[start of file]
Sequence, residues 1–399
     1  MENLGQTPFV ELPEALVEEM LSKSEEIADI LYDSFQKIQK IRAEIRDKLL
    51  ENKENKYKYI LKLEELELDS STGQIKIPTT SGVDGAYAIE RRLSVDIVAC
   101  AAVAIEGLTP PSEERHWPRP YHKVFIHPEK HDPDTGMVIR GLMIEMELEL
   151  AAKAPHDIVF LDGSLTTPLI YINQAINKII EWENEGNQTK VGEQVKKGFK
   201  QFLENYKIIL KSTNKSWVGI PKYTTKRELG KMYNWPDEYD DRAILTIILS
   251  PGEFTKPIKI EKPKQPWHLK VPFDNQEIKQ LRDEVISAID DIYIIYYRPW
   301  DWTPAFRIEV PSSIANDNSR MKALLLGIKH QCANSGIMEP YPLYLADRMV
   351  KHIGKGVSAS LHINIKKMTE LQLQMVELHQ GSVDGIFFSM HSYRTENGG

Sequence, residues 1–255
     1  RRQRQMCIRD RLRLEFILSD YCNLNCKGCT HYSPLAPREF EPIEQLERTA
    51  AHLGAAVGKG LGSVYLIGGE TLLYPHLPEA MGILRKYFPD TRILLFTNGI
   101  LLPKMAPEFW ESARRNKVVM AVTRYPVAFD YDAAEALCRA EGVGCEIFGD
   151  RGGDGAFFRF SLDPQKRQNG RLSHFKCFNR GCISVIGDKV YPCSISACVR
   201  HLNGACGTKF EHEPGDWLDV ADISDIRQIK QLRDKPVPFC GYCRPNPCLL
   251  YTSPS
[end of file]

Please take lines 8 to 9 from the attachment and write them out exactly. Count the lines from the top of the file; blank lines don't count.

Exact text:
   301  DWTPAFRIEV PSSIANDNSR MKALLLGIKH QCANSGIMEP YPLYLADRMV
   351  KHIGKGVSAS LHINIKKMTE LQLQMVELHQ GSVDGIFFSM HSYRTENGG